Links and Attachments

More than half of phishing emails contains links to malware[9]. These are typically in the form of executable (.exe) files which can be hidden after other recognisable file types such as PDF, Word or Excel documents. Archives, such as .zip files, remain the most used by attackers representing nearly a third of the attachments. [10] The only file type that stays secure and cannot hide .exe files is a .txt file. By hovering your mouse over the ‘from’ address, you can see the validity of the address and whether the domain of the URL points to a malicious email – usually including modifications such as additional numbers or letters.

A new phishing attack has been spotted by Mimecast’s security researchers using a SHTML file attachment, a file type commonly used by web servers[11]. The attack used a so-called ‘bill’ to trick the user into clicking on the link, which redirected them to a malicious website asking for confidential information. This phishing campaign was mainly targeted the finance and accounting sectors and the higher education sector. According to Mimecast’s June 2019 report, an employee received on average a malicious URL for every 69 emails sent. These new phishing attempts can even go as far as using images instead of text to avoid detection from security software. 

The Message Content

A phishing email can be easily generated by utilising the vast amount of publicly available information, much of which is accessible online. Target-oriented attackers use this information to create sophisticated emails, making them difficult to identify. Certain attackers will play the ‘long-game’ strategy which consists of building up a relationship with the victim, to methodically acquire sensitive information.[12]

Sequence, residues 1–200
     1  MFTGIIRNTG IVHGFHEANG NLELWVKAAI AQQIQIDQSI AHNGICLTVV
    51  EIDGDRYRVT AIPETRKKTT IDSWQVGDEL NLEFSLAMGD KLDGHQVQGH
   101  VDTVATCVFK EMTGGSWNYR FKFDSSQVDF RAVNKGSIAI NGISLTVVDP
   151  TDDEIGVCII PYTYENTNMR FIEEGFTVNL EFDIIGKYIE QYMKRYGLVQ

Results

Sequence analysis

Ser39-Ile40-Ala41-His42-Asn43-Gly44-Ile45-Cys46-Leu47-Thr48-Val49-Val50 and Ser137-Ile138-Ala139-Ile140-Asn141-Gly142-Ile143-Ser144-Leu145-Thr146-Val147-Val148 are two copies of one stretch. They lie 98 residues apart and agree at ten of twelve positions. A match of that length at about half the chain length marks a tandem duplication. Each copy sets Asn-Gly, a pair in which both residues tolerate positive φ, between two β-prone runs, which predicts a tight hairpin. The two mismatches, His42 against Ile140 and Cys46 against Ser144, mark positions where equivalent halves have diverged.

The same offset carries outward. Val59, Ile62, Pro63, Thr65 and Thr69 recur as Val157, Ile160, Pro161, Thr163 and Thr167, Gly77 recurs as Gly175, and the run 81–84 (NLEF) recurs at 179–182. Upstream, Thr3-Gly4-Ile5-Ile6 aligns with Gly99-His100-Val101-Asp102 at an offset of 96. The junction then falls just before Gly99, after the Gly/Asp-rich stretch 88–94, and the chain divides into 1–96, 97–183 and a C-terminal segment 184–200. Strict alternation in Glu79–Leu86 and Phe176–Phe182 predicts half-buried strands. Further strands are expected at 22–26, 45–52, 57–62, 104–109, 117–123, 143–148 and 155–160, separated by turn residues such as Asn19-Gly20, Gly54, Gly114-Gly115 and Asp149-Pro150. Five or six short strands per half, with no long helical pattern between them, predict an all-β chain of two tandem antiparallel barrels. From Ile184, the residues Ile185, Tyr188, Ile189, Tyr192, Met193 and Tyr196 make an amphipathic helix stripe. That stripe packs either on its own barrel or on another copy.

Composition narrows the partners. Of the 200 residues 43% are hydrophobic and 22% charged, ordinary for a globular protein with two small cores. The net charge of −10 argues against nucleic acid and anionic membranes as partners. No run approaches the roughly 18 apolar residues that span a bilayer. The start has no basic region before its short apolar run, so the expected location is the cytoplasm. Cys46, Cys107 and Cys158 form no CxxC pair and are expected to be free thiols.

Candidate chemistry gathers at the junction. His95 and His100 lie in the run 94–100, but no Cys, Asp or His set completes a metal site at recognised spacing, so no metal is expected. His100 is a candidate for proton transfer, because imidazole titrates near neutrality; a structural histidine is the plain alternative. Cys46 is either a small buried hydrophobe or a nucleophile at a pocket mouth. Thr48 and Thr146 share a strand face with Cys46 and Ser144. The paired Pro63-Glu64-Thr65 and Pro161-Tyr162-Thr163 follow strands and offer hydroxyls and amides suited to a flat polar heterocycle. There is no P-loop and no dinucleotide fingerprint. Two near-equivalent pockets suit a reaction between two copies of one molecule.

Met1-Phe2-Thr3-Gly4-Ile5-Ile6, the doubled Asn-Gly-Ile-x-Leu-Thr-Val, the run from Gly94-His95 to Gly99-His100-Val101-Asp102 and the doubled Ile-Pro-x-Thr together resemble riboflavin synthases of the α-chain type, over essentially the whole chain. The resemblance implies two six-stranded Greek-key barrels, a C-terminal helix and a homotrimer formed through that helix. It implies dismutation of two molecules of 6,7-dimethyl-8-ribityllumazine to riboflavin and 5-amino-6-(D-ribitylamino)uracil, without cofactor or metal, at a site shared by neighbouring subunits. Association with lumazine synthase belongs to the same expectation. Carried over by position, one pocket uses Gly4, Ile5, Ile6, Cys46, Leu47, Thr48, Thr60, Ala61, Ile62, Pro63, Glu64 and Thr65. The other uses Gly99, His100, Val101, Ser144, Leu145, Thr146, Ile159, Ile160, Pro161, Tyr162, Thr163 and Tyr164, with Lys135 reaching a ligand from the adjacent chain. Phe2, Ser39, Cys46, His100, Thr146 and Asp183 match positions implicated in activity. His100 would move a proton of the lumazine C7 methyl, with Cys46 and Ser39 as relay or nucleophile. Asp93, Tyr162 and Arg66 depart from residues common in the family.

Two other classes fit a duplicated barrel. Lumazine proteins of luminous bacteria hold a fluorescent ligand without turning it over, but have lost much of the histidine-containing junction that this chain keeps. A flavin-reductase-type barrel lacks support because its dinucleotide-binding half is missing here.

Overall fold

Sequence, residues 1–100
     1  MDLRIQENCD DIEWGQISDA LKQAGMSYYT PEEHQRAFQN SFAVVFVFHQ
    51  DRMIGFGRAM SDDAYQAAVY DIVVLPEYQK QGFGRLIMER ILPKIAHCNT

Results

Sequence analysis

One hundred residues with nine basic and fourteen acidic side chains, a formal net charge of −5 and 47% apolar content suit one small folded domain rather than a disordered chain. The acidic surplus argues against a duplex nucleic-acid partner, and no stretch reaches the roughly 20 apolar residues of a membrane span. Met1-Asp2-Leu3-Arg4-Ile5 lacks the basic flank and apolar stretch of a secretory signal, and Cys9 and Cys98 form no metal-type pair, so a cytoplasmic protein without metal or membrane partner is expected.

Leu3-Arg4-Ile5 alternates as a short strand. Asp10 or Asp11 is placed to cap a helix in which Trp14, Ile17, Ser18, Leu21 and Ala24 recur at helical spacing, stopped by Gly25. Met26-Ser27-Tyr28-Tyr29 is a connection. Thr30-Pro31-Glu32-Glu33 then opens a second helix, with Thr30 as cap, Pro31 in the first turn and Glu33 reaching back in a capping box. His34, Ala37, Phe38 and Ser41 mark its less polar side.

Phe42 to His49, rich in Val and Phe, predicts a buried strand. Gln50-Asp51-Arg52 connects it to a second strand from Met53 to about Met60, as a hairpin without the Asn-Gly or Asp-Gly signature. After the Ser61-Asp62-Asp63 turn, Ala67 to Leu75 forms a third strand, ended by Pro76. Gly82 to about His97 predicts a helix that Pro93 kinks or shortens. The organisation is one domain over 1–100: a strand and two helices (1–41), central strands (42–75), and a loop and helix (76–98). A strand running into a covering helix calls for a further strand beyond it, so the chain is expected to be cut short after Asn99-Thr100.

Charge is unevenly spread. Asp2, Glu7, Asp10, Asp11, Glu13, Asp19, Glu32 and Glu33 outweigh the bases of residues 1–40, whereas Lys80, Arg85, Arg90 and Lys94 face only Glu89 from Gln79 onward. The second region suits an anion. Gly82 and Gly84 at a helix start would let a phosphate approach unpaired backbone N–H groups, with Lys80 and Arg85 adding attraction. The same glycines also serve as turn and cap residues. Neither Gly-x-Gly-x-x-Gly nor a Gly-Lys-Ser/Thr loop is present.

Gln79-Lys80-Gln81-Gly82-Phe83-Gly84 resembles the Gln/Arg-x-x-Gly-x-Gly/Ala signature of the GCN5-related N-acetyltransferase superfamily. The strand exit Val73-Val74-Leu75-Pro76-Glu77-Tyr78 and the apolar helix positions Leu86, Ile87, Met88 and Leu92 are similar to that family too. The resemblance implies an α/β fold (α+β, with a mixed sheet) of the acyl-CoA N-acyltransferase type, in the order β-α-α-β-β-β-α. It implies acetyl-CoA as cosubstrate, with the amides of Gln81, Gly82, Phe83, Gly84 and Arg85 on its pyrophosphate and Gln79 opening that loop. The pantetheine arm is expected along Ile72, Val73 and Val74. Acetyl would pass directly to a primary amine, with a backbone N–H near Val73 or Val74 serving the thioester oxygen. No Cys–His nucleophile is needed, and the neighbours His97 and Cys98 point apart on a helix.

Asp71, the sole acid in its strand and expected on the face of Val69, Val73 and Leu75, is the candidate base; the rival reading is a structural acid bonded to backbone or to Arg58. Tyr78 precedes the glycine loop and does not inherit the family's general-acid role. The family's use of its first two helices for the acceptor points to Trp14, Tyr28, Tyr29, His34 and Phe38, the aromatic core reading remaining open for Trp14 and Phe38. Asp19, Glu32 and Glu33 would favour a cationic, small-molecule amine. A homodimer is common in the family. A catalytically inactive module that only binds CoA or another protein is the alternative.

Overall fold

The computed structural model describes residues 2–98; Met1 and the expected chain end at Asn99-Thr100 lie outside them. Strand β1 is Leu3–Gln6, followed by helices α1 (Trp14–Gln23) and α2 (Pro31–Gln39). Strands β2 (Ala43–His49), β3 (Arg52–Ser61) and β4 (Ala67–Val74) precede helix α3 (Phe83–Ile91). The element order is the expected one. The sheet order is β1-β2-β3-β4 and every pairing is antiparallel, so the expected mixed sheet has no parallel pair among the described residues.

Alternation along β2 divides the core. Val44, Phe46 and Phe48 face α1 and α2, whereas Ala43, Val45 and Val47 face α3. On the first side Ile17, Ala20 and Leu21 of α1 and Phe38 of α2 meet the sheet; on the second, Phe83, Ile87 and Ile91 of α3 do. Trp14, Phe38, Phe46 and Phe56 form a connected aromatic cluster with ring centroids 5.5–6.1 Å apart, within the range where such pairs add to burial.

Considering the previous conversation and the key information obtained, this approach allows the attacker to send a malicious link or attachment without looking suspicious. Spotting these indicators can save your organisation from the impact of a cyber-attack: the loss of finances, sensitive information and personal data, as well as damage to reputation and interruption of services.

In the last part of this blog series, we will see how important it is to detect an attack and take the necessary steps to protect your company. What to do if You’ve Been Phished?


[1] https://www.comtact.co.uk/blog/phishing-statistics-2019-the-shocking-truth

[2] https://digitalguardian.com/blog/what-is-spear-phishing-defining-and-differentiating-spear-phishing-and-phishing

[3] https://www.advisory.com/daily-briefing/2019/03/21/phishing-emails

[4] https://www.scmagazine.com/home/security-news/top-12-phishing-email-subject-lines/

[5] https://www.bbc.co.uk/news/technology-49857948

[6] https://www.symantec.com/blogs/threat-intelligence/bec-scams-trends-and-themes-2019

[7] https://www.cisco.com/c/dam/en/us/products/collateral/security/email-security/email-threat-report.pdf

[8] https://www.itgovernance.co.uk/blog/5-ways-to-detect-a-phishing-email

[9] https://www.thesslstore.com/blog/20-phishing-statistics-to-keep-you-from-getting-hooked-in-2019/

[10] https://www.cisco.com/c/dam/en/us/products/collateral/security/email-security/email-threat-report.pdf

[11] https://www.mimecast.com/blog/2019/07/shtml-phishing-attack/

[12] https://www.sciencedirect.com/topics/computer-science/spear-phishing-attack